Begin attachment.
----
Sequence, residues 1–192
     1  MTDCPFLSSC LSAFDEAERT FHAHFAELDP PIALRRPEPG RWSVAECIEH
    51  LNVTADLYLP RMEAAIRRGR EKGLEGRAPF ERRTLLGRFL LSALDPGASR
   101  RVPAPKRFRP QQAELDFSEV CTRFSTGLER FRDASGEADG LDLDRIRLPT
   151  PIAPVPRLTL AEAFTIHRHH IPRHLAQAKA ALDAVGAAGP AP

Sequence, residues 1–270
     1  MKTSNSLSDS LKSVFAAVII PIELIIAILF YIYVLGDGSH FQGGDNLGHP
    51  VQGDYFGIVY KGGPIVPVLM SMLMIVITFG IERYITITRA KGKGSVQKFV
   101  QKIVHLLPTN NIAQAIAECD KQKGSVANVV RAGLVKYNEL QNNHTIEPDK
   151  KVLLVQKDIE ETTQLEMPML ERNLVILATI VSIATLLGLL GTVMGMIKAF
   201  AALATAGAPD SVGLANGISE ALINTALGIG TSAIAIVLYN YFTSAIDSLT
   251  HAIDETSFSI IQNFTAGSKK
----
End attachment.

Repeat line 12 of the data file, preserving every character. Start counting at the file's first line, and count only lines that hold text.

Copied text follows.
   251  HAIDETSFSI IQNFTAGSKK